Comments

Popular posts from this blog

What's with George Eads' Hair?

DailyCeleb.com & David Edwards


Hey Zeitgeisters,

Bet you thought this blog would never top “What’s with Bradley Whitford’s Hair?” For those of you who weren’t part of that historical blog entry, it was the glittering moment where I wondered what’s with West Wing star Bradley Whitford’s hair. Good times.

However, tonight, while watching the current series (in Australia) of CSI :Original Recipe, I was forced to witness the unpleasantness of George Eads’ new(ish) 'do and I felt compelled to blog on’t.

George plays the part of Nick Stokes and has spent some 5 or 6 seasons with a haircut “you could set your watch to,” as Grandpa Simpson might say. It was always short; it always had that US Marine Corps vibe; it was always as dependable as the ebbing and flowing of the tides.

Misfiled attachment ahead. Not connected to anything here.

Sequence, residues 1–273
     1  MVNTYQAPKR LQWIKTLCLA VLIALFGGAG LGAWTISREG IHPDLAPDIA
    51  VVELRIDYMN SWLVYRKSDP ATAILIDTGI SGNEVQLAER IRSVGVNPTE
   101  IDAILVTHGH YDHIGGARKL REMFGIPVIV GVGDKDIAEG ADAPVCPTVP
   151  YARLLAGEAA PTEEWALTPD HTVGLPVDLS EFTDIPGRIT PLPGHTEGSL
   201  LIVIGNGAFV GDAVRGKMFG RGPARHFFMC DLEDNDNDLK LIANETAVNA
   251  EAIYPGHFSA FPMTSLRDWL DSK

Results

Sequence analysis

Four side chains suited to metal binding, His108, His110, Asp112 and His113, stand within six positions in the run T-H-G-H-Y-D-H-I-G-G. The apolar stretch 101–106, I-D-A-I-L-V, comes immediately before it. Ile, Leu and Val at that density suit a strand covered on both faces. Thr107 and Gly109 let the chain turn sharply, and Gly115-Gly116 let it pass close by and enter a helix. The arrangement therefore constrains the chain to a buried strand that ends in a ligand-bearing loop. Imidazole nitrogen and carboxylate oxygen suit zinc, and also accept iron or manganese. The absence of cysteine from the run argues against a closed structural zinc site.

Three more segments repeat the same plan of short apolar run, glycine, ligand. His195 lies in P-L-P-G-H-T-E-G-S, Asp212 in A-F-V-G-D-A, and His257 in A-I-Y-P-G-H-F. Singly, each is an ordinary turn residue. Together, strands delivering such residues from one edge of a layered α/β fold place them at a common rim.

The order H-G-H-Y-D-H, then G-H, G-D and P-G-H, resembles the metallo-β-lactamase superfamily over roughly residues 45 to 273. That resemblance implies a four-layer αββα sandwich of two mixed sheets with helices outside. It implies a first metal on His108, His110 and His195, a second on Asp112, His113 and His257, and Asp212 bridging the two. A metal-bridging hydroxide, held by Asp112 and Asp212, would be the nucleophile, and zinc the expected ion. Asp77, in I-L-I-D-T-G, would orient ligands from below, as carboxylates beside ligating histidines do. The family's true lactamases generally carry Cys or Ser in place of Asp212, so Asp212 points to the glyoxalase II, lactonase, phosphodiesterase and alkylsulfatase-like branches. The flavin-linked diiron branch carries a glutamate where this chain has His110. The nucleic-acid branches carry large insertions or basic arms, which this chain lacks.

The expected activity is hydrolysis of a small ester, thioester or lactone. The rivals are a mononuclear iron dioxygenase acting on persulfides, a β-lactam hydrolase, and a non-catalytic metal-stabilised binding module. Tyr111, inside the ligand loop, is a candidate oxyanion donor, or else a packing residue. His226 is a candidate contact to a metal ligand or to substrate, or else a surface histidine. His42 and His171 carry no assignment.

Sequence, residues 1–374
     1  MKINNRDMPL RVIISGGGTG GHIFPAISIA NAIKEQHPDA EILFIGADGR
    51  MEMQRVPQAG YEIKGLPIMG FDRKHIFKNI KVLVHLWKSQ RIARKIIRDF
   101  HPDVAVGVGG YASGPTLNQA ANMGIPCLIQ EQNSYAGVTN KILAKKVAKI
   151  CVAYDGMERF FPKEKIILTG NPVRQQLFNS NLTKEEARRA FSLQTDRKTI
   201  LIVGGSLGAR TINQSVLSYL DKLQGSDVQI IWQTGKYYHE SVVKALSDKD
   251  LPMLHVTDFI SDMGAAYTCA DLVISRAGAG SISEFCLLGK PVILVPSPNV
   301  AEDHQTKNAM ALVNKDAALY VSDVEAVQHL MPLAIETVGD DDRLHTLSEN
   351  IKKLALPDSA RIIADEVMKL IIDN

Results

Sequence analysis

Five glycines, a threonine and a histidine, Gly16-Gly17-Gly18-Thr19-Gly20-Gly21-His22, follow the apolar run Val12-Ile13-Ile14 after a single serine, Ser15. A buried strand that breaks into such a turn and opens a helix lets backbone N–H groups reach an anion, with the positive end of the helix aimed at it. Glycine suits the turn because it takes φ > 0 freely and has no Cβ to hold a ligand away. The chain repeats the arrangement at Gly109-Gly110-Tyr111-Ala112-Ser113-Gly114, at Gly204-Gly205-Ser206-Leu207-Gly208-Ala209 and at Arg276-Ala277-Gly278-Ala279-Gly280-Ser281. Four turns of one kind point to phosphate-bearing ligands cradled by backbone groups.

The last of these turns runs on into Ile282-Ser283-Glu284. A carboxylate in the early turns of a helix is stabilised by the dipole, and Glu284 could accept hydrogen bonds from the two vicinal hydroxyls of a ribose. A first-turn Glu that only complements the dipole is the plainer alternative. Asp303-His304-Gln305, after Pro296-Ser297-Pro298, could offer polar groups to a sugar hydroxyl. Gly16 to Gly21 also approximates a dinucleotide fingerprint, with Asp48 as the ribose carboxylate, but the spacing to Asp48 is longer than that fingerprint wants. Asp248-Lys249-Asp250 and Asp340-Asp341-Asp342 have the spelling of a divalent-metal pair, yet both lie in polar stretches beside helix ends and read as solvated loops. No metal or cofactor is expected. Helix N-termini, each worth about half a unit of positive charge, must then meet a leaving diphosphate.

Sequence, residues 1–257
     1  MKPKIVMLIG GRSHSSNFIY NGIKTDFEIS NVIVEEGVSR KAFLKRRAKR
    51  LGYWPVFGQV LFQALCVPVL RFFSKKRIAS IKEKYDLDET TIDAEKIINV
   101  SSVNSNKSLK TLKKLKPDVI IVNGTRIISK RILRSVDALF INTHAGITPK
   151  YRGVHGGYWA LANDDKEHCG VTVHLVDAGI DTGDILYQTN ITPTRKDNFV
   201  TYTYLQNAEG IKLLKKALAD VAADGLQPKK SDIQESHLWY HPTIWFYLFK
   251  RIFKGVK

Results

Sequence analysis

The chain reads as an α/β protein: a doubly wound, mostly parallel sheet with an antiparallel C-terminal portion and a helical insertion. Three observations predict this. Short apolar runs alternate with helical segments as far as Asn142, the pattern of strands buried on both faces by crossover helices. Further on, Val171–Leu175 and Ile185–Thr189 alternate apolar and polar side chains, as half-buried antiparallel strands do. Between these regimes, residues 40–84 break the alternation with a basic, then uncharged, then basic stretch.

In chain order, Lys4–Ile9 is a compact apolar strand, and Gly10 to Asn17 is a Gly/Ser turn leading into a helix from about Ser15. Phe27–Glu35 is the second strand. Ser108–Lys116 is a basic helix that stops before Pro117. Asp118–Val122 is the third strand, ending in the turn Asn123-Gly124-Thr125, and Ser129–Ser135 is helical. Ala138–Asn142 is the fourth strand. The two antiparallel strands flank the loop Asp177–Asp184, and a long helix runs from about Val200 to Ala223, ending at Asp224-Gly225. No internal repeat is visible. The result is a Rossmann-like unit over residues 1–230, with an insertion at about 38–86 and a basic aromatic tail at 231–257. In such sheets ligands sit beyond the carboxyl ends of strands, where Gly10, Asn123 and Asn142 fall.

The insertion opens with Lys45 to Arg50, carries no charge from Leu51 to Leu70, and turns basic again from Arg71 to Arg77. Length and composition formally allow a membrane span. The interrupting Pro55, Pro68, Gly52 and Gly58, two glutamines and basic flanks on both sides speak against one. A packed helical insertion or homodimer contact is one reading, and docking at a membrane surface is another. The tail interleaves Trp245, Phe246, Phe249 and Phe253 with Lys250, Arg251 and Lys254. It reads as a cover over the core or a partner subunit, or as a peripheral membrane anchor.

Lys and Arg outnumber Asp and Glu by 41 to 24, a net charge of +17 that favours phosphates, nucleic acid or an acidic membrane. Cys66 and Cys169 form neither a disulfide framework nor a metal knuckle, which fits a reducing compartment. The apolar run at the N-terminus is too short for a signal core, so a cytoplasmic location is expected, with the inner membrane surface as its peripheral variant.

Now in something of an El Nino effect, I note that someone in Jerry Bruckheimer’s organization has decided to mess with the length of George’s crowning glory.

Although I chiefly watch CSI waiting for Grissom…

What’s with Bradley Whitford’s Hair?

Okay, Zeitgeisters, that’s as shallow an attention-grabbing start as one could ever want, but I really want to know. And sure, I’m really talking about Josh Lyman’s hair. (I’m like one of those people who insist on calling an actor by their character’s name – only in reverse. e.g. “Go Knight Boat!”)